The history of Valentine’s Day is not clear.  Many legends and stories passed down through the ages have made it difficult to pinpoint a definitive beginning.  According to one account, the holiday’s roots are in the ancient Roman festival of Lupercalia which was a fertility celebration commemorated annually on February 15th. This pagan festival was then Christianized in 496 by Pope Gelasius I as a feast day on February 14th and re-named St. Valentine’s Day. However, which St. Valentine the pope was honoring remains a mystery.

St. Valentine – the priest

Most historians believe, however, that the St. Valentine who sparked the church’s interest was a priest who was unlike by the Roman Emperor Claudius II around 270.  According to one legend, Claudius had outlawed the marriage of young men claiming they made better soldiers than husbands. Valentine, however, continued to perform marriages between lovers of all ages and was eventually captured and put to death. Per the legend, before Valentine was executed, he passed a note to his jailer’s daughter with whom he had fallen in love with. The romantic note was signed  “from your Valentine” and so became the first Valentine’s day card.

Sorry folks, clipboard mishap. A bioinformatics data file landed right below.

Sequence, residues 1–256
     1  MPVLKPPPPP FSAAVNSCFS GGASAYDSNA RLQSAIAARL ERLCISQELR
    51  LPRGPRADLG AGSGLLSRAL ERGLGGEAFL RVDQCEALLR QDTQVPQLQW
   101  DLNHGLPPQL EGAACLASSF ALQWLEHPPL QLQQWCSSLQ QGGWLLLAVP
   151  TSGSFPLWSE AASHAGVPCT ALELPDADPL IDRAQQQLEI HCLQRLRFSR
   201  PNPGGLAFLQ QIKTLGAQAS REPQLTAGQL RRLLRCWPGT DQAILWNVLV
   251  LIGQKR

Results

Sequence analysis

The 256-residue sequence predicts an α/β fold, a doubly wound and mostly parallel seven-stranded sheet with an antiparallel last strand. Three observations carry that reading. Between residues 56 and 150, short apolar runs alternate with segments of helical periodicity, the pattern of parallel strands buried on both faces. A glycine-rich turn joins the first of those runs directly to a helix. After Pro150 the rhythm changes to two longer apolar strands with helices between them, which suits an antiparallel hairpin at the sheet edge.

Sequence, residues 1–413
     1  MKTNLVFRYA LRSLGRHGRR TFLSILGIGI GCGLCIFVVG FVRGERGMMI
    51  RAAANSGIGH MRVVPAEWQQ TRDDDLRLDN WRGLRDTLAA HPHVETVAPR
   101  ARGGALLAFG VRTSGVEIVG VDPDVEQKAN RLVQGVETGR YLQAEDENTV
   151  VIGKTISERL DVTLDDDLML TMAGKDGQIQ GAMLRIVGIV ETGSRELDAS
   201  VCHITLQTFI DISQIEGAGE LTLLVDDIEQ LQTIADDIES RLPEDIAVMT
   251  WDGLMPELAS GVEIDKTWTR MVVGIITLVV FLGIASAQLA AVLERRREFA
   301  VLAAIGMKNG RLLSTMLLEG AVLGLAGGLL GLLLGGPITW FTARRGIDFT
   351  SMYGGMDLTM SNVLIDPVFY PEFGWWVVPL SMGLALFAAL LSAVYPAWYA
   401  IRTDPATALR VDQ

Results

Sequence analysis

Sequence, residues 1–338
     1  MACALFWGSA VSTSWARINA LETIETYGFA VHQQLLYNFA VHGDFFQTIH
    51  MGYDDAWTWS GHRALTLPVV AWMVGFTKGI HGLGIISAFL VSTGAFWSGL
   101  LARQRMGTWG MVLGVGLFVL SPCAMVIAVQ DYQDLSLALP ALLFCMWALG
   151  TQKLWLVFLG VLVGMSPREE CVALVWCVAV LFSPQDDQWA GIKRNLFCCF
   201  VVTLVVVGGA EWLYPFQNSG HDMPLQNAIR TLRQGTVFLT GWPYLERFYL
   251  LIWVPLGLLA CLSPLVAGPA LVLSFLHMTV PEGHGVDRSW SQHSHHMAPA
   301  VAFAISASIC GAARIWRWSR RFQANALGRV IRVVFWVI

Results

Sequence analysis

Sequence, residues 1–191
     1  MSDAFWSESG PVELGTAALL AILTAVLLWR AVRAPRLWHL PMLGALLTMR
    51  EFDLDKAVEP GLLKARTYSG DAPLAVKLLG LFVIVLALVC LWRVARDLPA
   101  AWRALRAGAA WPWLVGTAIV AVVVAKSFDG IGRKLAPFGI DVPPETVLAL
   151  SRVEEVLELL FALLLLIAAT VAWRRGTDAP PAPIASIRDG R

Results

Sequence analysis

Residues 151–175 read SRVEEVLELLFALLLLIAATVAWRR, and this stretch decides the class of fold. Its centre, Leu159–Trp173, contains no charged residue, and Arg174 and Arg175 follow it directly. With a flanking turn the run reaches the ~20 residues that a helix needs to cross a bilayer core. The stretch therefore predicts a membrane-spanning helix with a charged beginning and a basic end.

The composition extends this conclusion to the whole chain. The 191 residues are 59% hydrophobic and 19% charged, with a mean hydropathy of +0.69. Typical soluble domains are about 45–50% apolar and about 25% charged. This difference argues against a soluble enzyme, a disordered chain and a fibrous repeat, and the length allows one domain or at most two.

Was it Chaucer?

The medieval English poet Geoffrey Chaucer often took liberties with history, placing his poetic characters into fictitious historical contexts that he represented as real. Oddly enough, no record exists of Valentine’s Day celebrations (in a romantic sense) prior to a poem Chaucer wrote around 1375. In his work “Parliament of Foules,” he links a tradition of courtly love with the celebration of St. Valentine’s feast day–an association that didn’t exist until after his poem received widespread attention. The poem refers to February 14 as the day birds (and humans) come together to find a mate. When Chaucer wrote, “For this was sent on Seynt Valentyne’s day / Whan every foul cometh ther to choose his mate,” he may have invented the holiday we know today.

Valentine’s cards

Regardless of what legend you believe in, the 18th century began to give way to strong universal tradition. As centuries passed the holiday evolved into a day of gift giving, exchanging handmade cards and displays of love and appreciation. Cards made of lace, ribbon, and pictures of cupid and hearts became more widespread in the United States until the 1850’s when Esther A Howland, a Mount Holyoke graduate and Worchester, Massachusetts native, began mass producing them.

Today, the holiday is now a booming commercial success spanning several industries. In fact, the Greeting Card Association estimates that 25% of all cards sent each year are Valentines.

–       Pearson Education –